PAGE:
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Coming to America

Tomas Hyka Relishes Second Chance at North American Hockey

Not long after this Chicago Wolves season began, Tomas Hyka visited the Department of Motor Vehicles office in Schaumburg to take his driver’s test.

The 24-year-old forward from the Czech Republic didn’t get a passing grade on his first try, but he did just fine the second time and became the proud possessor of an Illinois driver’s license.

“The driving wasn’t a big deal,” Hyka said. “The writing was pretty hard for me. I didn’t understand the signs. That’s why I made mistakes the first time and couldn’t pass. Once someone helped me and explained the signs, I was able to do it.”

With any luck, Hyka’s second-chance success at the DMV will be replicated during his second opportunity to play hockey in North America.

Way back in 2012, when Hyka was playing for the Gatineau Olympiques in the Quebec Major Junior League, the Los Angeles Kings picked the 19-year-old in the sixth round of the NHL Entry Draft.

Though Hyka stacked up 54 points in 49 games for Gatineau during the season after he was drafted, the Kings opted to let their draft rights to Hyka expire. That left him with little choice but to return to Europe to launch his professional hockey career.

He spent his first pro season playing in Sweden for Farjestads BK (which, ironically, gave him an opportunity to play in the 2014 AHL All-Star Classic as Farjestads BK faced current Wolves teammate Brandon Pirri, then-Wolves goalie Jake Allen and the rest of the AHL’s best).

Then he returned to his native Czech Republic to play for his hometown team, Mlada Boleslav BK, in his country’s top professional league, Czech Extraliga.

Over the course of the last three seasons, Hyka stacked up 38 goals and 42 assists in 117 regular-season games for Mlada Boleslav.

Hyka was so impressive, he earned a roster spot on the Czech national team that competed at the 2017 World Championship in France. It marked the first time Hyka represented his country at the senior level.

On the heels of a seventh-place finish – eliminated by eventual bronze medalist Russia – Hyka received the most pleasant surprise of the summer: A call from his agent saying the NHL’s new expansion team, the Vegas Golden Knights, was interested in him.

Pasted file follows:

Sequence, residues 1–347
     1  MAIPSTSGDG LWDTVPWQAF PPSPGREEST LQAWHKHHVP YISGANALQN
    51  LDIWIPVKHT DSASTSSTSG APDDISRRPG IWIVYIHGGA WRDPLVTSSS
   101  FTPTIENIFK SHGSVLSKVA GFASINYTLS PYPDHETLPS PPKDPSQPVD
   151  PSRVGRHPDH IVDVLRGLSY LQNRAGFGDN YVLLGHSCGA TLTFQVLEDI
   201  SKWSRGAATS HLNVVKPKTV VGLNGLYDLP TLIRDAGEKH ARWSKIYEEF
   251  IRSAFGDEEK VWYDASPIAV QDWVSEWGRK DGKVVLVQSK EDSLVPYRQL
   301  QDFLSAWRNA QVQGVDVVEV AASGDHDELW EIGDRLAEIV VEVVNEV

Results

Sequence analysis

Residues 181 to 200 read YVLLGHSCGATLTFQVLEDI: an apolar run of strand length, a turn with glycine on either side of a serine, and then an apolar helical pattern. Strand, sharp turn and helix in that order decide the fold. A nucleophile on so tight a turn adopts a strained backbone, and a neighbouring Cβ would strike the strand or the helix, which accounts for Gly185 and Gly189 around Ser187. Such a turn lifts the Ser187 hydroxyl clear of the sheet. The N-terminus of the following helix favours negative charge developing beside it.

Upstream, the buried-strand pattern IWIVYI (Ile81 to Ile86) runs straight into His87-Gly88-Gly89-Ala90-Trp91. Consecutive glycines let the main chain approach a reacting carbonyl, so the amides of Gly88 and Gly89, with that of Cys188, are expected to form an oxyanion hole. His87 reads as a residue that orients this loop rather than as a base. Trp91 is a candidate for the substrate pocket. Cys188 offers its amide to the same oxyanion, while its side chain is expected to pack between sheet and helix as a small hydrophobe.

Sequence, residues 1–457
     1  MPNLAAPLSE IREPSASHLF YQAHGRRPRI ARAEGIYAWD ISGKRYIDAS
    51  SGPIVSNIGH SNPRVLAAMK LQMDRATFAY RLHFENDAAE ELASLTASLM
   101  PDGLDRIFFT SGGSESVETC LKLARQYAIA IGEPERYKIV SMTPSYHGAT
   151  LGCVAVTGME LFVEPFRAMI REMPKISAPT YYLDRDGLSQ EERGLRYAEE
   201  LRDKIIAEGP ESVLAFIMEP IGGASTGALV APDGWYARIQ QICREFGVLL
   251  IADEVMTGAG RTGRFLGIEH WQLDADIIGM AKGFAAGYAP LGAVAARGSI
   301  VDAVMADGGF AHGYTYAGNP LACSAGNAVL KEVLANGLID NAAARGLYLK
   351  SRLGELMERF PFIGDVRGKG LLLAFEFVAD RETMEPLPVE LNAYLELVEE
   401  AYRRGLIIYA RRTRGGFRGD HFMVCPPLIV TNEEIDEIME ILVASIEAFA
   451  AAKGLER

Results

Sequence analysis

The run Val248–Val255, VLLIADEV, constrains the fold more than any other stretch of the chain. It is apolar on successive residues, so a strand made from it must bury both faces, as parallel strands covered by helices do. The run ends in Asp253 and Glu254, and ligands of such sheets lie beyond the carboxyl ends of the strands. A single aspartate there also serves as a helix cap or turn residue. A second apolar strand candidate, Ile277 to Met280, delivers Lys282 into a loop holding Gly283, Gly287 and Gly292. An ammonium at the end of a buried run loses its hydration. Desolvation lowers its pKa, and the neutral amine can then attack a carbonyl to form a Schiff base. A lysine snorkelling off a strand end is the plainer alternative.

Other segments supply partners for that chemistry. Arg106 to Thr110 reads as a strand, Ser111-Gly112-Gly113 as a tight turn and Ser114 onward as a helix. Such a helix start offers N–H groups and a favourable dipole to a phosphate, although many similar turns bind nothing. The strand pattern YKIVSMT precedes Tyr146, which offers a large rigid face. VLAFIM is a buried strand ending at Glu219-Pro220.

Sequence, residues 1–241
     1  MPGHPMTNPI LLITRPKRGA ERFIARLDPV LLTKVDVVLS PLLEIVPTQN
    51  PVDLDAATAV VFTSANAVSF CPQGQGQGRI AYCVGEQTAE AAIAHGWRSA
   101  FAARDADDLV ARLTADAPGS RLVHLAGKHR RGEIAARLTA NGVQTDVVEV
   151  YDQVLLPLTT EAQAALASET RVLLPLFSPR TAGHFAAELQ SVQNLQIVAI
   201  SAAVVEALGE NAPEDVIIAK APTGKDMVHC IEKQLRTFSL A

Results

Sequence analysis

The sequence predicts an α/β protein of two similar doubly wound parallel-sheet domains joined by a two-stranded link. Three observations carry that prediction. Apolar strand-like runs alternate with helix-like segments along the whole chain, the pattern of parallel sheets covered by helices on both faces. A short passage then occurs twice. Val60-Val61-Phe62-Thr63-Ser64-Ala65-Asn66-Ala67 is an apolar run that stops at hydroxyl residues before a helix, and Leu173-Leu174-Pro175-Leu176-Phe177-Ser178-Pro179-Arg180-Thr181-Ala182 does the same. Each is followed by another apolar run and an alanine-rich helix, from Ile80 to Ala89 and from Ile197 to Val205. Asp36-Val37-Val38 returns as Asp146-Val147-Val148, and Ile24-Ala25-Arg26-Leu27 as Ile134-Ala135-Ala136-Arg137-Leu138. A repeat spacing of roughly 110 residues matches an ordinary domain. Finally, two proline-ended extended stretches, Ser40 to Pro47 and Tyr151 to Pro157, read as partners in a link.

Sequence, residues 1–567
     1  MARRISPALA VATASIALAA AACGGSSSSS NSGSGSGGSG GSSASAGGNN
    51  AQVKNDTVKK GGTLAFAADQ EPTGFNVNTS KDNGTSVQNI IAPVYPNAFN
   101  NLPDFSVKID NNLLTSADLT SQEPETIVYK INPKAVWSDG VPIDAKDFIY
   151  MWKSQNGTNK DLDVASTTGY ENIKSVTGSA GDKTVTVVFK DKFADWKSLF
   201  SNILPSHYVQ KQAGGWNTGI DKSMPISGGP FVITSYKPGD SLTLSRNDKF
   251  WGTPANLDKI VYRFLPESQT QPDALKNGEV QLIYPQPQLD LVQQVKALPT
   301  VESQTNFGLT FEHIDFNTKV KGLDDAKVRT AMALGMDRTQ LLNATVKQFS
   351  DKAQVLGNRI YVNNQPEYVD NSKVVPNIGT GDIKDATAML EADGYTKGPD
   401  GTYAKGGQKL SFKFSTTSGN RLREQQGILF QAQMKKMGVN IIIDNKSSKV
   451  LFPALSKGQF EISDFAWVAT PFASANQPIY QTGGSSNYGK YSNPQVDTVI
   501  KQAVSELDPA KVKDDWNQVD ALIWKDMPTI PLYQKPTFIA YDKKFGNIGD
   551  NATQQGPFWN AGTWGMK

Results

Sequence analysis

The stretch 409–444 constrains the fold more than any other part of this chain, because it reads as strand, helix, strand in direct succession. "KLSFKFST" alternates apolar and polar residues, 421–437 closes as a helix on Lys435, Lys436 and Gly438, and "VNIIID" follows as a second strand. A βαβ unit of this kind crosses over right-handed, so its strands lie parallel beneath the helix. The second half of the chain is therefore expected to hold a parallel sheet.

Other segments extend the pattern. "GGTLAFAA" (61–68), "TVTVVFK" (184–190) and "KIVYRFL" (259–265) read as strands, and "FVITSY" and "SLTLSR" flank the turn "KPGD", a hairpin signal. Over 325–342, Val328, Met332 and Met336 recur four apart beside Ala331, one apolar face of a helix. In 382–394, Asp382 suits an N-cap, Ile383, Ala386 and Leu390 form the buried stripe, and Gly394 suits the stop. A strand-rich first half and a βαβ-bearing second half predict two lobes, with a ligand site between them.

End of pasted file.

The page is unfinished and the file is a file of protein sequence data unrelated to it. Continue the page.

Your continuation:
“It wasn’t on my radar,” Hyka said. “There wasn’t any sign that I would go to the NHL, and I still had a one-year contract back home, so I did not expect that call. But it’s a new team, a new opportunity.

“You never know what is going to happen, and you never know if that opportunity will come again, so I decided to come back [to North America].”

One of several Vegas prospects playing for the Wolves, Hyka’s second chance has gotten off to a fast start. He scored goals in three of the Wolves’ first four games and produced seven points in the team’s first eight games.

“He’s made great strides,” said Wolves head coach Rocky Thompson. “You can see the potential. When the puck’s on his stick something is going to happen.

“The objective is for us to teach him how we can get the puck on his stick more and I think he’s been a great student.”

Making an NHL lineup is an uphill battle, but the transitioning to the North American-style of hockey and living hasn’t been.

For Hyka and his fiancé, Katrina, life away from the rink in Chicago has been enjoyable. During the team’s first days off of the season, the couple explored the city and visited “Cloud Gate” – the sculpture more commonly referred to as the Bean – and walked Michigan Avenue.

Hyka and his fiancé also have been pleased with the amount of his native culture they’ve encountered, ranging from authentic Czech restaurants to driving. Yes, driving.

The fast-paced, split second-decision making nature of Chicago traffic is similar to what Hyka is used to in Czech Republic.

“Everybody drives really fast here,” Hyka said. “And I just try to keep up as much as I can.”